(Closed) Pup training issue.

posted 7 years ago in Pets
Post # 3
219 posts
Helper bee
  • Wedding: December 2011

ive actually heard that it doesnt do any good to take them to their pee/poop and show it to them if it’s not immediately right after they do it. my advice is to continue the crate training and make sure that you don’t bring him inside until after he’s gone to the bathroom (especially after a walk). it may be a good idea too to work on a more positive approach and really praising him (maybe even an occasional treat) when he does a good job. maybe it’ll boost his self esteem. hope this helps hun! i’m sure it’s frustrating!

Post # 4
6892 posts
Busy Beekeeper
  • Wedding: March 2012

Positive training worked the best for our pups and doing the no-no’s. One of our rescues is a hound too (aren’t they just terrible, with those eyes! lol) and I know how hard it is to get them to go potty outside. They just sniff and sniff and sniff for hours and then you get back in and…oh yeah, I had to go potty. Yeah, we had a hard time with ours too. She still has the occasional accident when we don’t have time for super long walks, but we know that’s partially our fault.

Anyway, like I was saying before, we’ve found that keeping treats with us (small ones in your pocket) and rewarding when they go outside works. Also, using that positive super happy voice when saying good job when they go. Heck, we still praise and ours or both 2.5 years old. 🙂 It’s become habit for us now too. haha.

Good luck! Hounds can be tricky but they are pretty food motivated, in my experience. 🙂

Post # 5
14656 posts
Honey Beekeeper
  • Wedding: June 2011

I’ve read the same about trying to tell him no after the fact.  You must catch him in the act and startle the crap out of him, like when he started on the bed, immediately yell at him and take him outside.  Our puppy did not leave our sight for a second so that he would always be caught in the act.  Also when you take him on walks, try to get him to pee before the walk.  Praise him, maybe give him a treat, then go for a walk… the reward for peeing.  I’ve read that if you walk him until he pees, and then take him right in, he may associate peeing with having to go back inside and he will want to hold it so he can stay outside longer.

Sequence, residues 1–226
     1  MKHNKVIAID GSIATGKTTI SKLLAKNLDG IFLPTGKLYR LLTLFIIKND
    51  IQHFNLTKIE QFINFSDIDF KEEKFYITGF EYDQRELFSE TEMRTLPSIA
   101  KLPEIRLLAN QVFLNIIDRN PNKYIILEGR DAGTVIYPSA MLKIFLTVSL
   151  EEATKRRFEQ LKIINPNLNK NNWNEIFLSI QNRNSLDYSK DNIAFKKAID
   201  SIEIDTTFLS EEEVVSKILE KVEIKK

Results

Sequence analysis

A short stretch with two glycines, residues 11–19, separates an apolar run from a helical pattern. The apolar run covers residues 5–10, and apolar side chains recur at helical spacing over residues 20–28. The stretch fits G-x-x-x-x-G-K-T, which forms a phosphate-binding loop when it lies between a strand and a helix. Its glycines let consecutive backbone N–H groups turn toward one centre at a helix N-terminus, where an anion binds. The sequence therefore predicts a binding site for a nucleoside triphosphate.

Post # 8
1415 posts
Bumble bee
  • Wedding: November 2011

To stop them from going to the bathroom in the house, crate training seems to be highly recommended. Whenever you are not actively playing with/watching a puppy, leave him in his crate. When you take him out of the crate, take him outside immediately so he can go potty. Play with him as long as you plan to inside, then take him outside again to potty before you put him back in the crate. Scolding dogs, as I understand it, basically doesn’t work–only positive reinforcement does–i.e. praising your puppy when he goes outside and giving him a chance to do it regularly.

Post # 9
454 posts
Helper bee
  • Wedding: June 2011

I agree with PPs who said it is not so effective to scold the dog for peeing after they’ve already done it.  They don’t have the reasoning to connect the firm voice with the action they did earlier.

Luckily, we did not have too many problems with accidents in the house, but I make it a point to praise her when she goes outside.  I’ve never been able to successfully catch her whilst peeing so I’ve never tried correcting her in the act.  The trainer from our class personally feels that positive reinforcement is the best thing you can do because negative can potentially harm your relationship with your dog.  She feels like if you can get the same results why not just use positive as much as possible.  I’m not sure I agree with her to that extreme but what we’re doing seems to be working.

Maybe your firm voice actully scares your dog a little that he’s in trouble and that’s why he’s peeing?  

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